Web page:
This week’s Heavy Music HQ reviews include releases from Aptera, Bekor Qilish, Billy Howerdel, Caravellus, Civil War, Deus Omega, Iconic, Infanteria, Jorn, Merihem, Ornaemental Shrine, Serpent Ascending, Seven Kingdoms, Tombs, Truent, Vexes and Whitesnake.
The ratings are on a 5 star scale.
Aptera – You Can’t Bury What Still Burns (Ripple)
Aptera’s You Can’t Bury What Still Burns is high-octane doom/sludge metal, mixing thrash tempos into the formula. It never turns into an outright speed demon, but when it picks up, the electricity is undeniable. Their previous self-titled EP lacked much of this, so it’s a beneficial decision to heighten the pace in spots on their debut album. “Unbearable Stain” is the main song that takes thrash, doom, and sludge and whirls it into four glorious minutes.
The song following that one, “Cosmosis,” is an instrumental with an abundance of guitar solos. This sort of contrast keeps a listener engaged with You Can’t Bury What Still Burns, as it never gets stagnant. Whether gloom is the desired effect (“Nephenthes”) or something that would make Black Sabbath proud (“Voice Of Thunder”), Aptera have options for a wide group of metalheads.
Bekor Qilish – Throes Of Death From The Dreamed Nihilism (I, Voidhanger)
Bekor Qilish are in the realm of existential black metal, using a suitable name for the band’s first album, Throes Of Death From The Dreamed Nihilism. This is the project of Italy’s Andrea Bruzzone, who has enlisted the help of members of Krallice, Fleshgod Apocalypse, Cosmic Putrefaction, and more to bring this record into the world. They contribute guitar solos and drum tracks, yet it’s Bruzzone’s songwriting that garners the most attention.
His use of synths brings a cosmic energy into the album, especially in extended instrumental breaks like the final half of opener “Cryptic Hatred.” The raspy barks are treated as a background player on a few tunes, like the seven-minute closer “Wretched Dawn” that keeps them exclusive to the first 90 seconds before the atmospheric outro hits. That one does drag a little, an outlier to a release that is expertly produced.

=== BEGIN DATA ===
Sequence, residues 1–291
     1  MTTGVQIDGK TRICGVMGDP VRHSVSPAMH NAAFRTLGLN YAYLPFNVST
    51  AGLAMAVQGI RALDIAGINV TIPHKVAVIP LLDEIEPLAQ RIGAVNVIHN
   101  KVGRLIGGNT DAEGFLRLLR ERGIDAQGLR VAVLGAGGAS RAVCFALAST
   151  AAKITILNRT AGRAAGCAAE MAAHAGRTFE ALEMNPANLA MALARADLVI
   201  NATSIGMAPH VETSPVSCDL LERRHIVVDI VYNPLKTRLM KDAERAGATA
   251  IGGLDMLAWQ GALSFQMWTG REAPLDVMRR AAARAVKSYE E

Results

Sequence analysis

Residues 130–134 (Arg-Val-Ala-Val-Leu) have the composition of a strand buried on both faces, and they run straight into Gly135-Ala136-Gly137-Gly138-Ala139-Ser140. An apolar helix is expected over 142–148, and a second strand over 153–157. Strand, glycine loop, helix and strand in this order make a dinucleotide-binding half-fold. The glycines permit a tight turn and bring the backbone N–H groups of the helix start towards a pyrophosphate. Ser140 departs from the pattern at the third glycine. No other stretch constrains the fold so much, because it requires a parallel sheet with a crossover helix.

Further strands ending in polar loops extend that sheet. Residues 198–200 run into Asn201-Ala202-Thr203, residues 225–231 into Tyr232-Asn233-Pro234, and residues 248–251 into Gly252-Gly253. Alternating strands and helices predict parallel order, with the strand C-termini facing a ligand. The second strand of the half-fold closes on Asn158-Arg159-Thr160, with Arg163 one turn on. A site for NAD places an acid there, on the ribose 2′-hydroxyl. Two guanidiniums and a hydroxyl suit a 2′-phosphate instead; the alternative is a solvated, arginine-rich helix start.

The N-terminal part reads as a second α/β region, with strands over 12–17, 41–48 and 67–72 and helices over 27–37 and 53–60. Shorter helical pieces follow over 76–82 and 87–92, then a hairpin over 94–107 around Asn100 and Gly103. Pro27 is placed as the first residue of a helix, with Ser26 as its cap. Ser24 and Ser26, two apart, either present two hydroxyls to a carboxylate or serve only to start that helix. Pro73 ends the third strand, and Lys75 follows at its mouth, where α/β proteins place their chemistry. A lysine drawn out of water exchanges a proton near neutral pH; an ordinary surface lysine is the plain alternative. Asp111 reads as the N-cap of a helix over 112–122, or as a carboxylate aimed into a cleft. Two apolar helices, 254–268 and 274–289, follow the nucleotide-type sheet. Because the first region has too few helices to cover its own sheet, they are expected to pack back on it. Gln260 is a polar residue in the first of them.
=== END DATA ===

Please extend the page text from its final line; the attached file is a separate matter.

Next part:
Billy Howerdel – What Normal Was (Alchemy/Rise/BMG)
If you’ve ever wondered what A Perfect Circle might sound like without heavy guitars (and Maynard James Keenan), here’s your answer. No surprise given Billy Howerdel masterminded that band’s moody, synth-pop meets prog-metal sound, but on What Normal Was, Howerdel’s first release under his own name, in his own words, “This is me stepping back into my early teen self and making the record I would have made if I had the means and the knowledge when I first picked up a guitar….”
Opener “Selfish Hearts” kicks off with a synth riff seemingly right out of the Stranger Things theme, and that 1980s vibe permeates the rest of the album, only “Beautiful Mistake” and “Poison Flowers” prominently feature brief flashes of proper heavy, distorted guitar. Sounding like a goth New Order with shades of Depeche Mode and Adore-era Smashing Pumpkins, What Normal Was is dark and melodic, well-executed, yet “heavy” in atmosphere only.
Caravellus – Inter Mundos (Rockshots)
It’s been twelve years since the last Caravellus album, and this Brazilian power-prog outfit is making the most of the moment by putting a whopping 74 minutes of music on Inter Mundos, their third record. It’s a complex concept album that this review doesn’t have space to detail, but it deals with the love between two people and touches on a multitude of universal issues.
Don’t be scared off by the length – all the compositions (save for the cheesy ballad “So Near, So Far”) are top notch, wonderfully arranged, produced, and performed. Vocalist Leandro Caçoilo brings a ton of drama and personality to the songs, and Caravellus hold our interest throughout. With some help from members of Angra, Shaman, and Sons of Apollo, Inter Mundos is a power-prog album fans of the style won’t want to miss.
Civil War – Invaders (Napalm)
The Swedish power metal band Civil War have undergone some lineup changes since their last album, 2016’s The Last Full Measure. Invaders is the band’s first album with vocalist Kelly Sundown Carpenter (Adagio, ex-Beyond Twilight) and guitarist Thobbe Englund (ex-Sabaton).
Civil War has several former Sabaton members, and like that band, their lyrics focus on historical topics. This time around there are several songs about Native Americans. They also re-recorded “Custer’s Last Stand” from their debut 2012 EP. Songs like “Dead Man’s Glory” and “Invaders” are bombastic power metal with a lot of atmosphere. “Andersonville” is a change of pace, a grandiose power ballad. The new members give them a slightly different sound, but their approach is similar, and those who enjoyed Civil War’s previous releases should dig Invaders.